Driving Results Directly and Indirectly


Why is driving results, both directly and indirectly, important to leadership? As you think about this topic, say it in your mind with two different emphases. First, DRIVING RESULTS directly and indirectly, and second, driving results DIRECTLY and INDIRECTLY.

When most people read this, “driving results” probably make a lot of sense on the surface. However, it is good to remember that activity is different from results. There are times when someone can drive a lot of action and yet not reach the desired result. That is why, when setting direction, it is good to have measurable goals to ensure you are getting the desired effect, rather than just feeling good about all the activity.

What kind of person does it take to reach those desired results? It takes someone who is action-oriented and willing to take the initiative to dive in and make things happen. It also helps if the person is ready to take on a challenge. Many aspects of leadership start a little fuzzy (see “Moves from Muck to Clarity”) and, without the desire to take on a challenge, you can run out of steam pretty quickly. Through that fuzziness, you have to remove the barriers and roadblocks by keeping the end in mind. Once you have reached your goal, it is good to reflect on the process, what you have learned, and help the organization learn from what went well and what could have gone better.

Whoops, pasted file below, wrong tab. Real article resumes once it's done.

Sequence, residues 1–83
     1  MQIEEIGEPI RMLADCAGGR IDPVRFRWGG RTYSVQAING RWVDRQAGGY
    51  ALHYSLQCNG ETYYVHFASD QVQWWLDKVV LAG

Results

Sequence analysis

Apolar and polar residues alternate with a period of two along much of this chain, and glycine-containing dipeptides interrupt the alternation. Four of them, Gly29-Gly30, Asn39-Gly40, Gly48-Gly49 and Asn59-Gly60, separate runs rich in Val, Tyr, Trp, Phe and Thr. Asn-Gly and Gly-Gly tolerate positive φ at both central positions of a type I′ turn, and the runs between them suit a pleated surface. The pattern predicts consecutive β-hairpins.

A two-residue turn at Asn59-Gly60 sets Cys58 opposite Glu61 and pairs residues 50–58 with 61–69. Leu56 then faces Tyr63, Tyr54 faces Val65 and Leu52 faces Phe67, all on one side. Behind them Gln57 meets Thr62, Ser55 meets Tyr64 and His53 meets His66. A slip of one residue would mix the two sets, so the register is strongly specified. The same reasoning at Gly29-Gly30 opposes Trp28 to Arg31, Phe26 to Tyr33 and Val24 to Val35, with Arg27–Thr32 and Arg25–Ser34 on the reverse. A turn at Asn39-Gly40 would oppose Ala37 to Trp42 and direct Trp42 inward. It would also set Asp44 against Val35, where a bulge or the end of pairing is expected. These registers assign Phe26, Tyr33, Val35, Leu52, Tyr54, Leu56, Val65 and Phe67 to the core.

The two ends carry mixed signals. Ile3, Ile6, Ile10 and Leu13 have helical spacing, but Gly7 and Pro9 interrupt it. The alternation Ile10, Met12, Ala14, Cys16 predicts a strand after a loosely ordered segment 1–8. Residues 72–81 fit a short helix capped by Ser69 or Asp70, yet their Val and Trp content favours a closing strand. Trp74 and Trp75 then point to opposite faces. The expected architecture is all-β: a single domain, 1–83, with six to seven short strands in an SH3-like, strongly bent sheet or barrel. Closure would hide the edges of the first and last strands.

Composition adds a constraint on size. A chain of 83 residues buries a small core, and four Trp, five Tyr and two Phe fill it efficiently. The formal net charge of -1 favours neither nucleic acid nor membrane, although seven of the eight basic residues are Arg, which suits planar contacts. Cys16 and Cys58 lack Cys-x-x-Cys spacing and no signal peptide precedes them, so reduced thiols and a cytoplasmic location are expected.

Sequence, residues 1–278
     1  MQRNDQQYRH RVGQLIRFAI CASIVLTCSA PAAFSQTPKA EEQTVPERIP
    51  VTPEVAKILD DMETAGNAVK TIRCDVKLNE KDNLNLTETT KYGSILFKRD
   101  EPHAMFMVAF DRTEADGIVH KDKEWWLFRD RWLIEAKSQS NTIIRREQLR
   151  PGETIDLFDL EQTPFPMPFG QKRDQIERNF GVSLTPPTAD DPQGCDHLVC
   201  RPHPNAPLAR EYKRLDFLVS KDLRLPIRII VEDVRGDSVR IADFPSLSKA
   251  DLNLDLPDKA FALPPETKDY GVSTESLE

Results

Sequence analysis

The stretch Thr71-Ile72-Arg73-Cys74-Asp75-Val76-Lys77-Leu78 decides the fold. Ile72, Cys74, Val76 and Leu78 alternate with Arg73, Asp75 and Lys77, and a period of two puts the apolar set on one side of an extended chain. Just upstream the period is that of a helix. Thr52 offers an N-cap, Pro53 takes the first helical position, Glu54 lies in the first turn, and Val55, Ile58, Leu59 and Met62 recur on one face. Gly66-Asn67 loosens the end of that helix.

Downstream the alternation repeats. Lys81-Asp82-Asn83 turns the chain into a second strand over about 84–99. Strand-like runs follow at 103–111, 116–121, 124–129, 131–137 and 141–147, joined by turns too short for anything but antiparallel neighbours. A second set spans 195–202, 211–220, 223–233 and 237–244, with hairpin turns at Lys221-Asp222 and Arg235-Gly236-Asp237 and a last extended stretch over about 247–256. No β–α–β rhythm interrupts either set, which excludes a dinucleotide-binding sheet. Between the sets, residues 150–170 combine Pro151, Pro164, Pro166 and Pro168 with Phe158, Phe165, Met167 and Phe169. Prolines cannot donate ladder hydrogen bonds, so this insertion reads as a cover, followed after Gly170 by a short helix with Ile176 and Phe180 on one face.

Now, let’s focus on what is meant by “directly and indirectly.” In a company such as Interstates, we have an inherent challenge. We have team members all over the country, and at times, even around the world. Without the opportunity to directly or indirectly influence people, we would struggle to deliver our solutions consistently, and our brand could suffer. Therefore, we have to be able to drive results in many different ways.

One of the ways we drive results is through our EIL programs. Gathering people from all parts of the company and allowing them to experience leadership training pushes results throughout the organization. Participants don’t only gain book knowledge; EIL also enables them to build relationships that can then be used to drive results and influence beyond their specific areas.

Communication also drives results. As difficult as it is, we need to be creative in our communication methods and styles. Technology has enabled the use of different ways of communicating, but without intentionality, we will struggle. Systems such as InterTrak and Adept can be used for communication and ultimately drive consistent results throughout the organization.

As you can tell, there is no silver bullet. It takes time, energy, and intentionality to, directly and indirectly, drives results (not simply activity) within the organization. As we continue to grow, this will become even more difficult but ultimately even more important as we deliver consistently for our clients.

Continue leading the Interstates Way!

Jack Woelber


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